ecting Beauregard's retreat from Corinth, General Halleck thus telegraphed to Washington, on the stas just been called to the despatch of Major-General Halleck, commanding the enemy's forces, which,both sides, and they were but few.
Major-General Halleck must be a very credulous man, indeed, be all he desired, it can be said that Major-General Halleck is easily satisfied; it remains to be int, the stand-point of the Union's hopes and Halleck's fame, I cannot possibly imagine how it coultion of Corinth was no less a surprise to General Halleck.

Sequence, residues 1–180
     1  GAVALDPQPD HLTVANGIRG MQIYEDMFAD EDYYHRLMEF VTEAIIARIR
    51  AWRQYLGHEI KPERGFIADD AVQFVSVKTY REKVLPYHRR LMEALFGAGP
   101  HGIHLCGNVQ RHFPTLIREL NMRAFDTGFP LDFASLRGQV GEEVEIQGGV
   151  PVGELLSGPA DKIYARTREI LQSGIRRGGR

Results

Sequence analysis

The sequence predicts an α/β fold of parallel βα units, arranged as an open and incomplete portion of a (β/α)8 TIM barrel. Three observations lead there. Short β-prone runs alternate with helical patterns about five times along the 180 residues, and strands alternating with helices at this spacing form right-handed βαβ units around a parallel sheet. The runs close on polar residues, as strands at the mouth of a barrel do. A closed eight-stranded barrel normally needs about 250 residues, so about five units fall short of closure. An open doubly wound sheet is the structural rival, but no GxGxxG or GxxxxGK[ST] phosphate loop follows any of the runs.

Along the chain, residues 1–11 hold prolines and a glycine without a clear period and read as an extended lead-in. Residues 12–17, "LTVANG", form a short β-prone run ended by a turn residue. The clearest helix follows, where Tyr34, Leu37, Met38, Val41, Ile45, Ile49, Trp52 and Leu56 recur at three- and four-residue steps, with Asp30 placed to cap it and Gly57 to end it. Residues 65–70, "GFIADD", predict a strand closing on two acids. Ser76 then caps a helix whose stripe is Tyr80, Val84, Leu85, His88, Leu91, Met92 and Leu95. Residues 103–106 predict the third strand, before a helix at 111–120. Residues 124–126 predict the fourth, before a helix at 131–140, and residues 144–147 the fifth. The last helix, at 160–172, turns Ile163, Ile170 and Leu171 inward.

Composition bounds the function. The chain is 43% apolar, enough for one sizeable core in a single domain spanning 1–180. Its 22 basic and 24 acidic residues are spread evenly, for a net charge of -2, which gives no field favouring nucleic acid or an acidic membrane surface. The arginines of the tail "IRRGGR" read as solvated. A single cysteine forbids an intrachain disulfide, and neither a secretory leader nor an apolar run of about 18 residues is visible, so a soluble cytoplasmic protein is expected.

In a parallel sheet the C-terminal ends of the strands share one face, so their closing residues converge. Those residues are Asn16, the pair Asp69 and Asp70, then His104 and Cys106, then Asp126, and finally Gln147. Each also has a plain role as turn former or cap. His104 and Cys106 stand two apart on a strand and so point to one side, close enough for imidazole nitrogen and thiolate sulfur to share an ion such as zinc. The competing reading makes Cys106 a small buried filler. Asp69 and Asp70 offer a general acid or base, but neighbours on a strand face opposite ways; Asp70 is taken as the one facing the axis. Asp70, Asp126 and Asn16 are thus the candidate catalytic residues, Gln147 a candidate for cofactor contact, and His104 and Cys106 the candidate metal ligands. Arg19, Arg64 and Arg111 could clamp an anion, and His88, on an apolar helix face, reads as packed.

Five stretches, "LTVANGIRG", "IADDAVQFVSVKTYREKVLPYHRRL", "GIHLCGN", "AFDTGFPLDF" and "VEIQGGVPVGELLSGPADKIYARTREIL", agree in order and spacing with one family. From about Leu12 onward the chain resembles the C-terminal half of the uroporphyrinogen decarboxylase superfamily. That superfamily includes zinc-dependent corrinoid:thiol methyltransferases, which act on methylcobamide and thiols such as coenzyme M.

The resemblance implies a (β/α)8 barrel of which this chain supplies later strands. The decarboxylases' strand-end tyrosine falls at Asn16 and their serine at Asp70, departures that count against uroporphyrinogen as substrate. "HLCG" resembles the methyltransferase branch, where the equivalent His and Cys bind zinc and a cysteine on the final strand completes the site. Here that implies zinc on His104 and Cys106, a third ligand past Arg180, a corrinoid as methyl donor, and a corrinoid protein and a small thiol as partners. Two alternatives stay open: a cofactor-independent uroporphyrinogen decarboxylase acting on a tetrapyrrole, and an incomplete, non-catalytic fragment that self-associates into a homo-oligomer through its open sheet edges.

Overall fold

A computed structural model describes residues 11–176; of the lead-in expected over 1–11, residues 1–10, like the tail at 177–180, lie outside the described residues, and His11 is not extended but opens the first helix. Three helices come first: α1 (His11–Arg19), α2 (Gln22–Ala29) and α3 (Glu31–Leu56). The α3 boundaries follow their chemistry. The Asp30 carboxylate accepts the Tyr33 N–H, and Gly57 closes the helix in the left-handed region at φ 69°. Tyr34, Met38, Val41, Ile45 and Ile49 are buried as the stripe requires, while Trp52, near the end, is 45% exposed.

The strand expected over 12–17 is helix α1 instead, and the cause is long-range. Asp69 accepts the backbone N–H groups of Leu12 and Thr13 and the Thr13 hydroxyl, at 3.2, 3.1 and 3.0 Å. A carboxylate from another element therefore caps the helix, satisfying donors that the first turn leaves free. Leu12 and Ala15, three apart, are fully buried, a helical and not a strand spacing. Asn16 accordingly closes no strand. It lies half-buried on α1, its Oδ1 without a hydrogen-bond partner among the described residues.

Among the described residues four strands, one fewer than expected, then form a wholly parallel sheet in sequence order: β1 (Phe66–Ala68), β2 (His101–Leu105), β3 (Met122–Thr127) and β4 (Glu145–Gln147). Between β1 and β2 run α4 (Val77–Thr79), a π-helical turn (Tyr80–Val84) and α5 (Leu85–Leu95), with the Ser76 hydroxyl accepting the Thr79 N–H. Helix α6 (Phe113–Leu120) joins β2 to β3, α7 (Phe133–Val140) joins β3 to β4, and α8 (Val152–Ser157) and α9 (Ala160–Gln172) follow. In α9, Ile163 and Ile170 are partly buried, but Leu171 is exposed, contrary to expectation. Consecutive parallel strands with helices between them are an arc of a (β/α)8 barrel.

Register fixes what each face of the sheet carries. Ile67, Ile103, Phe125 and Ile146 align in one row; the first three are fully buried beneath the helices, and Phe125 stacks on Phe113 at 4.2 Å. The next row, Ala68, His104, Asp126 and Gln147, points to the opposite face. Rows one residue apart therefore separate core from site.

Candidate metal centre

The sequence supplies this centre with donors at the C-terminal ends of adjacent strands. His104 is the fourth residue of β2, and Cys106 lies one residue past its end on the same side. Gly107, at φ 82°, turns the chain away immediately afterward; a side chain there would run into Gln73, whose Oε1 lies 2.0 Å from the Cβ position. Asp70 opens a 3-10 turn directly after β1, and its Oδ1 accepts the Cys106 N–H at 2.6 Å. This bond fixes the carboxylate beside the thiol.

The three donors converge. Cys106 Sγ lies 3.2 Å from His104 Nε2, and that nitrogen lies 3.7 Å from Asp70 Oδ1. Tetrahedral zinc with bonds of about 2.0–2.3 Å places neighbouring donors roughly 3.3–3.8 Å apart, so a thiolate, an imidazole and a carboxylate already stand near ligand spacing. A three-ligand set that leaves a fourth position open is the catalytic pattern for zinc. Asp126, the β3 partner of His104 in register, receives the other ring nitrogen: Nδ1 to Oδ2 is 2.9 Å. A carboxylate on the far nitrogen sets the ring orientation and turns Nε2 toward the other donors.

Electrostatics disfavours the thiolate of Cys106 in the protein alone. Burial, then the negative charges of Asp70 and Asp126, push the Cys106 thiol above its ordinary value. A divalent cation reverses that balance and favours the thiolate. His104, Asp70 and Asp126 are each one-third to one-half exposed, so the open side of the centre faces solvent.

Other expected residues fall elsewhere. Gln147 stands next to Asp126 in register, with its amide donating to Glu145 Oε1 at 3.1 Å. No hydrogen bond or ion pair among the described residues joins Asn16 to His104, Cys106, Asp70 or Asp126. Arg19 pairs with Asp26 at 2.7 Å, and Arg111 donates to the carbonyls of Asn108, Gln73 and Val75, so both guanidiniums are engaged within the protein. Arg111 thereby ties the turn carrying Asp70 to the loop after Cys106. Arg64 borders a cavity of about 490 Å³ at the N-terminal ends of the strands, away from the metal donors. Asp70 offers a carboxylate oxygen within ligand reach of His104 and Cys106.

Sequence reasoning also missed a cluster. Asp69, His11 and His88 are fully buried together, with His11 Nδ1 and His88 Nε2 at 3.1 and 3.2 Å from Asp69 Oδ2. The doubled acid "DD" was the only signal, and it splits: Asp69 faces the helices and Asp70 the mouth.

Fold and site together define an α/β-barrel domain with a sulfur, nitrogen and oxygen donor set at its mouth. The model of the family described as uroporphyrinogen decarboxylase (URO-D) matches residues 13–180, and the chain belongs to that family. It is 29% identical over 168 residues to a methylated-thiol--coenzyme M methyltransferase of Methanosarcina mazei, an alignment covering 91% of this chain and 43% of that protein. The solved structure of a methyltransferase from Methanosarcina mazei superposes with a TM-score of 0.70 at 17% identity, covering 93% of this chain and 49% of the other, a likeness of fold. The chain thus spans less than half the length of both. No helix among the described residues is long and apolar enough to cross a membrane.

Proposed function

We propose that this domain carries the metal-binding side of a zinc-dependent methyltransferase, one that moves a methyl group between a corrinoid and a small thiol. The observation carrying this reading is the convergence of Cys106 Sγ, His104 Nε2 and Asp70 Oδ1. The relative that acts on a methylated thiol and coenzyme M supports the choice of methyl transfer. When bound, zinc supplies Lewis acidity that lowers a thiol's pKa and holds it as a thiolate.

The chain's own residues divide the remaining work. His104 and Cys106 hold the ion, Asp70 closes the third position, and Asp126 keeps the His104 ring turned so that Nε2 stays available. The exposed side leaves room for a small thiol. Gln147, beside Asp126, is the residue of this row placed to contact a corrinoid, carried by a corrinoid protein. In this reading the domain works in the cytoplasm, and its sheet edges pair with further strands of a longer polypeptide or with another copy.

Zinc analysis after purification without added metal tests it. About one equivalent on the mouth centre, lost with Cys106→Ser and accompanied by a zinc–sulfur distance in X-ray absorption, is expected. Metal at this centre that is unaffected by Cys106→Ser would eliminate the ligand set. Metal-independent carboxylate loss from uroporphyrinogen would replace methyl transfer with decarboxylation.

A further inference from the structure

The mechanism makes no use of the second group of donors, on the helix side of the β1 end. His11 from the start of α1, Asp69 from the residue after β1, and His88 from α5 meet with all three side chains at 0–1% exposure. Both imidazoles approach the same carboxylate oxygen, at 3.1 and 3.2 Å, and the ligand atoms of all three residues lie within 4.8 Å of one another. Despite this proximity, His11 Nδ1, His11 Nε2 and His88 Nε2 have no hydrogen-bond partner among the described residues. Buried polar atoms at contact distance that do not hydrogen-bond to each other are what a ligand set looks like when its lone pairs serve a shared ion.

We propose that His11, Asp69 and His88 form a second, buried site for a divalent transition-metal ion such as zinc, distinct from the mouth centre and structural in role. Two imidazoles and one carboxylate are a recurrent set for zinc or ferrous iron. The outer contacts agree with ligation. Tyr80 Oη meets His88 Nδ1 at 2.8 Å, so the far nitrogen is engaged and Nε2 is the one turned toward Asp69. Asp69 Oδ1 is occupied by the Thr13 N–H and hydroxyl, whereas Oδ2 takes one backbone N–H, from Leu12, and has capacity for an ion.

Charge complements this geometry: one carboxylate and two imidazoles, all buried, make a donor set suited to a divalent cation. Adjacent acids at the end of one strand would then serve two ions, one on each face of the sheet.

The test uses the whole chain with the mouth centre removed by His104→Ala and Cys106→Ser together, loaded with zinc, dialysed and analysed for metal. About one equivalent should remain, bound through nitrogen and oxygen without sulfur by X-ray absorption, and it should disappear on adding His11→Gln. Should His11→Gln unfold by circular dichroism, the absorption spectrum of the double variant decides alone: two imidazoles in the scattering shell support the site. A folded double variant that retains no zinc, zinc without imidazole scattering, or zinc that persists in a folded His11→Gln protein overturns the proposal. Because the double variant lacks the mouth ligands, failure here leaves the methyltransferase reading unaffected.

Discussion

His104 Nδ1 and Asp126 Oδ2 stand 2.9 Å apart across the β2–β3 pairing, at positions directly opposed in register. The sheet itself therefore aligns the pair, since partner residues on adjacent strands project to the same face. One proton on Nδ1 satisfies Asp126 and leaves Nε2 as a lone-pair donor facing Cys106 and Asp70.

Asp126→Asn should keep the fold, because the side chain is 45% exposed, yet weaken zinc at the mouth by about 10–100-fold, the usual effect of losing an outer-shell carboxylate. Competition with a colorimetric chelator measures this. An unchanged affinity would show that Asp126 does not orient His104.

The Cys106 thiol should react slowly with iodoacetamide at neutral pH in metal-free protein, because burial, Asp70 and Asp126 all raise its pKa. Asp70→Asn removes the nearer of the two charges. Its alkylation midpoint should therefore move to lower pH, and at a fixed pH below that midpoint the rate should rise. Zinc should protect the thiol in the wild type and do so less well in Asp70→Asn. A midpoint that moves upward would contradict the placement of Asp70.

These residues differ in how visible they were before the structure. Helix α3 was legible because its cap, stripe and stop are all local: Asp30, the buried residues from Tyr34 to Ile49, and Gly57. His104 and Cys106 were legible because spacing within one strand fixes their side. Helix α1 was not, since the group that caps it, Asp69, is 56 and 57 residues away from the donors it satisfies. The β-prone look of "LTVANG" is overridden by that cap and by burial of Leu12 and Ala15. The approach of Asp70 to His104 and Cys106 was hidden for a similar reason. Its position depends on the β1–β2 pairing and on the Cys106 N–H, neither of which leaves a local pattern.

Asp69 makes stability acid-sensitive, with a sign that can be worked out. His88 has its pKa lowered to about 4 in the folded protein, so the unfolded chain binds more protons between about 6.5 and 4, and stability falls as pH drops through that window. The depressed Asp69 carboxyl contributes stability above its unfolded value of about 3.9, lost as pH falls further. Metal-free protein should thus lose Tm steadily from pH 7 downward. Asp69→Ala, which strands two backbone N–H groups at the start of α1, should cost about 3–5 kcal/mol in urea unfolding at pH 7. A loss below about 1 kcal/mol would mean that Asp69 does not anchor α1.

If the one ruined Grant, the other has id death the military name and fame of Major-General Halleck.
The druggist says he was two week Beauregard fooled, hoodwinked, outwitted General Halleck.
I am ashamed of that.
I winced under ich — as if General Beauregard had spit in General Halleck's face-oh!
more, of course!
I am speakiodless occupation of Corinth.
Better for General Halleck that he had remained in St. Louis, or had